Obedience by Faith

20 If someone says, “I love God,” and hates his brother, he is a liar; for he who does not love his brother whom he has seen, how can[b] he love God whom he has not seen? 21 And this commandment we have from Him: that he who loves God must love his brother also.

Here's a link to the St. Seraphim
of Sarov story

Thursday, February 02, 2012

A Lesson from my Kitchen

It's official: I hate my crock pot. I bought a new crock pot a few months ago because my old one's crock had cracked (for the second time) and the lid handle had already been replaced. Same brand. But this one has an electronic timer instead of manual controls... Stongly. dislike. that. electronic. timer.

I know. It's "just" a control issue.

I want to be in charge of my appliances! I want to be the one to tell when food is done! I want the POWER. I will NOT submit to some dumb electronic timer who thinks it knows better than me. Submission is for unto God, not unto a Rival Crockpot timer. I have enough things in life I have no control over, and I WANT control of my own appliances, by dingy!!!!

I used to make bone broth in my crock pot...I'd let it go for days and just add more water as necessary.

This crock, however, makes weak, anemic broth because it keeps shutting the flippety flip OFF. And, it does not really get hot enough.

With my old crock, I could cook a frozen chicken and it'd be done in about four or five hours on high...from frozen. This new crock won't even bake potatoes in that amount of time.

You know what? I think I AM this new crock pot.

My spiritual broth is weak because I keep shutting off and "being in charge", instead of letting God be in charge all the time. And I'm reminded of the "lukewarm" verse in Revelation.

So then, because you are lukewarm, and neither cold nor hot, I will vomit you out of My mouth. Revelation 3:16

Oh Lord Jesus Christ, Son of God, have mercy on me a sinner!

Wednesday, February 01, 2012

That Dark Place

I do struggle with depression, don't I? I want to write happy uplifting blog posts, but that's just not possible.

Today was warm and sunny. We had our lessons, I did some knitting, some cooking, some would think it'd be an easy day...A sunny day...a perfect day...

Instead, it was just hard. I struggled to get up this morning, and then there was the inevitable guilt that I feel when my slow body does not kick into gear as soon as I think it should. So it's a bit after ten thirty and we are starting school. (Not all the kids wait on me...some of them get a jump start on things like Math and Science while I'm drinking coffee...but others play the Wii, content to wait until I've officially started the school day before engaging their brains.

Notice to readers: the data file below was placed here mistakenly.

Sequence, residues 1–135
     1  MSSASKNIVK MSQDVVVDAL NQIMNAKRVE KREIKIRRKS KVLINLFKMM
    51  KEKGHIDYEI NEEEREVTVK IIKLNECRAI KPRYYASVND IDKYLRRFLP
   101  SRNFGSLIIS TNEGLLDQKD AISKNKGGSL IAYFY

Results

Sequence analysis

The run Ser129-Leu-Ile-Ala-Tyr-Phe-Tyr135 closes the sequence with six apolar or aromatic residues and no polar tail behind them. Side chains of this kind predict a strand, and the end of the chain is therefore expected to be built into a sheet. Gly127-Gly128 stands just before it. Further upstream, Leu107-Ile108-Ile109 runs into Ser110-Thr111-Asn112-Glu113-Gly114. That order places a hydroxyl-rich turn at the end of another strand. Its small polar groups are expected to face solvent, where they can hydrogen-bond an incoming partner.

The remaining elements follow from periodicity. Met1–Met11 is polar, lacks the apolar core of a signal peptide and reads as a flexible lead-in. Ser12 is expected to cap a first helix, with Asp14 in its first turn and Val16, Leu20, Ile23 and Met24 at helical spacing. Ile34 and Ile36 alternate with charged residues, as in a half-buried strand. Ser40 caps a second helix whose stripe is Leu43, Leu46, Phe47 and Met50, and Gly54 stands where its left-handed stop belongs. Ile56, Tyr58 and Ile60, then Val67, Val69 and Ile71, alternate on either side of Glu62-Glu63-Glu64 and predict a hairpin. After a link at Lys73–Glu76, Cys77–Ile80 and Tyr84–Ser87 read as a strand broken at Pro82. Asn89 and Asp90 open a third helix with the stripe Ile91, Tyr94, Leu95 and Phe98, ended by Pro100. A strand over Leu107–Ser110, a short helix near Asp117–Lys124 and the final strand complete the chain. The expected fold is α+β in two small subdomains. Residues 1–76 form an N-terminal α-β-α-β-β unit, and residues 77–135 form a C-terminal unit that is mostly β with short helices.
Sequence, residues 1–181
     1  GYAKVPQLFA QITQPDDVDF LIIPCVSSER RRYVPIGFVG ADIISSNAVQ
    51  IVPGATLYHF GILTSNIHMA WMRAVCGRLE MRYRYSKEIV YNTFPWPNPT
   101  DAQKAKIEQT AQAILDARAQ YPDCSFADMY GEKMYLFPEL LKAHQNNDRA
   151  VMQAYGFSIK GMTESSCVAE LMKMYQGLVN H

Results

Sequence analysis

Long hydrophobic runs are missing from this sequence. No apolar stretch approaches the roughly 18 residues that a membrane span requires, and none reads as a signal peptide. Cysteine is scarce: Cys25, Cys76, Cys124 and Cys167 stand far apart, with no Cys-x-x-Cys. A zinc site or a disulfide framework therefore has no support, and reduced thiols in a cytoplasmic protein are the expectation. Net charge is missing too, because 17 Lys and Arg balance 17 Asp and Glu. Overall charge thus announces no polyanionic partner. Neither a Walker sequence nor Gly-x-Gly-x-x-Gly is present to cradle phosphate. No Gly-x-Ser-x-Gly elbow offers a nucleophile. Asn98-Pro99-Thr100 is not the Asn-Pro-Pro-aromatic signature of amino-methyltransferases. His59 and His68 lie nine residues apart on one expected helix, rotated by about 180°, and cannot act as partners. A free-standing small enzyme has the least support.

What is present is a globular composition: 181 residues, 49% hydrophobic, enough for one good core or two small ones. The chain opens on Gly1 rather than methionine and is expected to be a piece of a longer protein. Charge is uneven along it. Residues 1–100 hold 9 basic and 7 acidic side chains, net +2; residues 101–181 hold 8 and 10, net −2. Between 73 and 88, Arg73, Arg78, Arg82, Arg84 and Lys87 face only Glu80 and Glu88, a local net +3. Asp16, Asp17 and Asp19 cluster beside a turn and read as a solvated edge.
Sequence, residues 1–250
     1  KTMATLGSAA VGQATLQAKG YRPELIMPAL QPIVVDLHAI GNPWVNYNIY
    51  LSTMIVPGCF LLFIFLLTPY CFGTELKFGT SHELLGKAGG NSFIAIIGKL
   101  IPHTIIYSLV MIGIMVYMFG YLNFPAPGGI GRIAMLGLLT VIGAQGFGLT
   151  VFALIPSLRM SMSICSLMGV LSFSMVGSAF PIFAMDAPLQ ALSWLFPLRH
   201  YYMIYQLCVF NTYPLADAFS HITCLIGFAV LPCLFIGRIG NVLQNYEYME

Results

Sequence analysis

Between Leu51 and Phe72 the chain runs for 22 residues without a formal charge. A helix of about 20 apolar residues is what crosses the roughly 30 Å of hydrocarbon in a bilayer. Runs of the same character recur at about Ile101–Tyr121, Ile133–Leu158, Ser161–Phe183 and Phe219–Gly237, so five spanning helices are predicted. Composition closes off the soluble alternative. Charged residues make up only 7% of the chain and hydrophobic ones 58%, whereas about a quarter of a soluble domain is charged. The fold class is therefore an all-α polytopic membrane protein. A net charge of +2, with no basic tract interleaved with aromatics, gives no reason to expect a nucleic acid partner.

But we got it done, that's the thing...we DID get it done.

And by mid afternoon, I was dead on my feet. After doing almost nothing today. Not nothing...just quiet stuff.

Cooking soup for an early pre-liturgy supper (we don't even TRY to pretend we are able to keep the fast for vesperal liturgies, so we don't take communion on these's just SO not happening) so we could go to Church at six was my own personal Mount Everest today. I was that tired. It took me forty-five minutes to chop two onions, a few carrots, a few leeks, half a head of cabbage and then clean up after. It's a miracle I did not cut myself.

And then, of course, the soup was rejected by half the members of my family. Fortunaately there were also some date stuffed baked cinnamon apples.

And I did not go to Church. I was simply too tired. So yeah...that dark place rears it's ugly head.

So, deep breath. I will think of some stuff to be grateful for:

I'm grateful for the sunshine.
I'm grateful for my wonderful husband.
I'm grateful that St. Herman helped me find my keys again.
I'm grateful that the day is over.
I'm grateful for my helps me to relax.